Iyengar Yoga vs. Ashtanga Yoga - What's The Difference?

Many of us understand that the goal of yoga is to unite the body and the mind. However, there are several types of yoga and not all of them is for everybody. There are types of yoga that follow their ancient origins and are strict in the implementations of their principles, while there are types that are modified to cater the modern day’s demands. Two different types of yoga, Iyengar yoga and Ashtanga yoga follow different executions and give different benefits to the practitioner’s body.  

Iyengar yoga has 14 types of breathing control and more than 200 classical yoga poses. This type of yoga follows a certain system wherein the practitioner progresses as a beginner to advanced while giving due attention to the postures. Iyengar yoga is very specific in the implementation and execution of the poses and body alignment in order to achieve flexibility, mobility and strength. 

Furthermore, the founder of Iyengar yoga recognizes that people have different body strengths and weaknesses. Some people may find it hard to perform certain asanas or yoga poses. Still emphasizing correct body alignment, this type of yoga employs the aid of props so that the postures can be performed properly and safely. Props may come in yoga blocks, belts, blankets and chairs.



Another notable feature of Iyengar yoga from other types is that it does not depend on the Vinyasa flow, or the transition of one pose to the next while breathing. Rather, it focuses on perfecting a certain posture before a practitioner can proceed to the next. Therefore, Iyengar yoga is not rushed and allows a practitioner to learn one pose at a time.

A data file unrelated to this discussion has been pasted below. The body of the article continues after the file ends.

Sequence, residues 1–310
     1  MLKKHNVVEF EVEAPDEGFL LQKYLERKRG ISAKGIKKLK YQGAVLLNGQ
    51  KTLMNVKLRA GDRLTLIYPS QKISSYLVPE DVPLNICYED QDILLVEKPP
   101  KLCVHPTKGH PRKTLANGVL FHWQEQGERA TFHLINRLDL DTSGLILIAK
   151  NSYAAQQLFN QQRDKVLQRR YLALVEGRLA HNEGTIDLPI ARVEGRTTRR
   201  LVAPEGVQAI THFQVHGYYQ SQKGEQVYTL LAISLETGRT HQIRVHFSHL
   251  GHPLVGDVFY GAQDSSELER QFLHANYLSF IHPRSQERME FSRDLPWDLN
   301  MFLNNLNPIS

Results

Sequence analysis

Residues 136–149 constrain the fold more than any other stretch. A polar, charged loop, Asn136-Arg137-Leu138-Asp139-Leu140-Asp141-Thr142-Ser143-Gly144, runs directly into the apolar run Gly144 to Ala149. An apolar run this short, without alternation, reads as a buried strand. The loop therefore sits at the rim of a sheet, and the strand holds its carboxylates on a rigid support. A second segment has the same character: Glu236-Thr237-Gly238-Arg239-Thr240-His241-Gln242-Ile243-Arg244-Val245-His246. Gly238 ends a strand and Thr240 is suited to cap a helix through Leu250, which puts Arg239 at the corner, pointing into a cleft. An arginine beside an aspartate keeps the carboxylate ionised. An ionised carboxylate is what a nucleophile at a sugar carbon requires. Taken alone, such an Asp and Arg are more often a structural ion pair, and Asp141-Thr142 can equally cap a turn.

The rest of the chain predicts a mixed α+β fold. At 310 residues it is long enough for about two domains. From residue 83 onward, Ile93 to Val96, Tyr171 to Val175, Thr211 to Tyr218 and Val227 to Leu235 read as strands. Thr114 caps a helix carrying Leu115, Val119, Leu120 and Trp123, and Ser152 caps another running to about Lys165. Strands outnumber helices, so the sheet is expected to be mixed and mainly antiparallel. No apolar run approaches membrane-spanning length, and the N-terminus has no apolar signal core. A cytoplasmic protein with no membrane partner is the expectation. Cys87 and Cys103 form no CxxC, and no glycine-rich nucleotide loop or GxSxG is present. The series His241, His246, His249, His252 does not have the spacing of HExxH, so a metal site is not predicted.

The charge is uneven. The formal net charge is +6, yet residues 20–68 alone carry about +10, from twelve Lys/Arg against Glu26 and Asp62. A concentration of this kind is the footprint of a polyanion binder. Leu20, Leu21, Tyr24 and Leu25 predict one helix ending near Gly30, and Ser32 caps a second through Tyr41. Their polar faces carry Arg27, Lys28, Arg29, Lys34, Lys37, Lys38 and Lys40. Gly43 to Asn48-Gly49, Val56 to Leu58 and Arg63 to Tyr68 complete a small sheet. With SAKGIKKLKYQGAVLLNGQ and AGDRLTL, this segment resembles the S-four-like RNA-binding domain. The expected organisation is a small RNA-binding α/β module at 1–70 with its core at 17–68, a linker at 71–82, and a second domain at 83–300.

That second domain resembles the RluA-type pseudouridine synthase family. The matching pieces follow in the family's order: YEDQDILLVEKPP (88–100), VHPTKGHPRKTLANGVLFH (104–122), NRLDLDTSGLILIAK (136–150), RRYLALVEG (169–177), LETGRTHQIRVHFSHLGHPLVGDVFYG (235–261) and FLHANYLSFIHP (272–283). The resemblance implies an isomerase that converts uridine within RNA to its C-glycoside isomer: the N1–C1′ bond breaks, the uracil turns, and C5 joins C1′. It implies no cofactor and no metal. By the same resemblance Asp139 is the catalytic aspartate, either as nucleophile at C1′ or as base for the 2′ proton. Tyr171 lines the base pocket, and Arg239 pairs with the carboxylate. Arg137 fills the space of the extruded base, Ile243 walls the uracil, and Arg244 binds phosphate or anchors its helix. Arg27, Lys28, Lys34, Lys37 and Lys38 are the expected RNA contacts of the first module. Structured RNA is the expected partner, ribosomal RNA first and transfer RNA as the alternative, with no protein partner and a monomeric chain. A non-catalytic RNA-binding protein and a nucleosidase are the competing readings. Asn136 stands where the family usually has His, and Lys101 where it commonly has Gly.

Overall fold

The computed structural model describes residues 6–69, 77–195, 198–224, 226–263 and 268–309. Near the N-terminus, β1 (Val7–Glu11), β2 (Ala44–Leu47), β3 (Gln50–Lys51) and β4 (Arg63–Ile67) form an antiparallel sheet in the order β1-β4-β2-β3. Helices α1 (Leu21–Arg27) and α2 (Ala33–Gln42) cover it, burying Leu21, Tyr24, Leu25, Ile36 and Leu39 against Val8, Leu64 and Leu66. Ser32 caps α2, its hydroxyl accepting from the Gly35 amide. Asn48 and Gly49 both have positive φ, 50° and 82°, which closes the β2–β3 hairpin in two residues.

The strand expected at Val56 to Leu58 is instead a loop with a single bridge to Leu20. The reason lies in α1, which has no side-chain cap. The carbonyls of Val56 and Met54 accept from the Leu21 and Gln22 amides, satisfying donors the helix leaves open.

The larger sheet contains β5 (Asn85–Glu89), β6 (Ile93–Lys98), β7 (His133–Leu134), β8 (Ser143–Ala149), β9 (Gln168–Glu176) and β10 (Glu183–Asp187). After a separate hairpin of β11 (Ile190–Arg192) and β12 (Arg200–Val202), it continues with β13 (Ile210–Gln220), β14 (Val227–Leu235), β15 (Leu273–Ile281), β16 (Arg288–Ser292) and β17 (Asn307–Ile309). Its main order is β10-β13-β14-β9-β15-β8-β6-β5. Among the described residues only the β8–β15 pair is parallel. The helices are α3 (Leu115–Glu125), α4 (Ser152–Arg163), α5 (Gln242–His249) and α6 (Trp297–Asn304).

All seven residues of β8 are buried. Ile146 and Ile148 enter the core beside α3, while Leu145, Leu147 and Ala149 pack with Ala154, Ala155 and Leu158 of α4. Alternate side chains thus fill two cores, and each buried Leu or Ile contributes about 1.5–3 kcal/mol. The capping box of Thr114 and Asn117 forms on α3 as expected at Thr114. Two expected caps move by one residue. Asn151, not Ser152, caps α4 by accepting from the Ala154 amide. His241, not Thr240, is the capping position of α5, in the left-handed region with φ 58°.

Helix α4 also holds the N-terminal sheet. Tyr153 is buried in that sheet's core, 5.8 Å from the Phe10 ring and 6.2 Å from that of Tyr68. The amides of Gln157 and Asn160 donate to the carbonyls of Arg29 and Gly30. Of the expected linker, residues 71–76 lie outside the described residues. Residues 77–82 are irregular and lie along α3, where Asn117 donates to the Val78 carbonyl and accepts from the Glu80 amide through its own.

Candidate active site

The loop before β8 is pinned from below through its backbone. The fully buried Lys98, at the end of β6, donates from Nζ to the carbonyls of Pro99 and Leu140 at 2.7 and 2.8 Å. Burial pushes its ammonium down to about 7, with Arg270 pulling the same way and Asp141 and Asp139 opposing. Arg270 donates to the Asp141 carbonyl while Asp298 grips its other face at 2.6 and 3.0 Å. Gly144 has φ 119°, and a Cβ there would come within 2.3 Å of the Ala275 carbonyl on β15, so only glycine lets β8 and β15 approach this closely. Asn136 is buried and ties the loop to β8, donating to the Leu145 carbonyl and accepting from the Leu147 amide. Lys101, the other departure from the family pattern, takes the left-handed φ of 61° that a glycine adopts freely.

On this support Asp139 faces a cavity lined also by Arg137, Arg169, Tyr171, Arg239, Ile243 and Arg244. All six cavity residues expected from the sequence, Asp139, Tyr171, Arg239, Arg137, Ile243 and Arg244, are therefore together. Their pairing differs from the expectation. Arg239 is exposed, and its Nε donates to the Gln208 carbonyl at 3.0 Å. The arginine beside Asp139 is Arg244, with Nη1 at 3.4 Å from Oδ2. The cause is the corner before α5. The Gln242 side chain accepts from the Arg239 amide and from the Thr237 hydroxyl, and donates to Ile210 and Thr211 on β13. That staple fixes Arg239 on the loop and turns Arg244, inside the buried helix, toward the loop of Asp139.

Since the poses are held longer, experts believe that Iyengar yoga can help address body posture and alignment issues as well as body pains.

On the other hand, Ashtanga yoga is usually referred as the “eight-limbed yoga,” a collection of 8 different concepts that a practitioner follows in order to experience the benefits of Ashtanga yoga. Unlike Iyanger yoga, this type of yoga uses the Vinyasa flow. The asanas have their own assigned number of inhalations and exhalations, and breathing is a guide for the practitioner to move from one pose to the next. The Vinyasa plays an important role as it is believed to help in cleansing and detoxification. It purges the body of toxins through sweating and as a result improves blood flow. Through this, the practitioner is likely to feel light after the session.

Today, you may find Ashtanga yoga sessions are performed in heated classrooms similar to hot yoga. This is to heat up the body and encourage sweating in order to expel the toxins away.

Ashtanga yoga also tends to be repetitive. This is seen as an advantage by several practitioners since they can join any Ashtanga yoga in the world and not feel left behind. A practitioner of this yoga follows a certain standard sequence every time he is in a class or session.

The health benefits of Ashtanga yoga are numerous. It can help tone, flex and strengthen the muscles  and teaches a practitioner how to do rhythmic breathing, concentration and control.

If you are trying to decide which type of yoga is best for you, you must first assess where your body stands. If you are trying yoga for the first time, you could begin with Iyengar yoga since you are given ample amount of time to learn the poses before proceeding to the next. It also tends to be more interactive because a teacher might prescribe you a tool or props to help you execute and perfect a pose. It is also ideal for people who do not engage in physical activities regularly because it doesn’t speed up the heart rate while working on your stamina and strength.

Since Ashtanga is more demanding in nature, it is best for people who do regular workouts. It is ideal for people who’d like to further build up their physique and strength, as well as tone their muscles.

Whether Iyengar yoga or Ashtanga yoga is for you or not, you are on your way to improving your health, posture and mental well-being simply by choosing to engage in this form of discipline.

Uliana Ougleva

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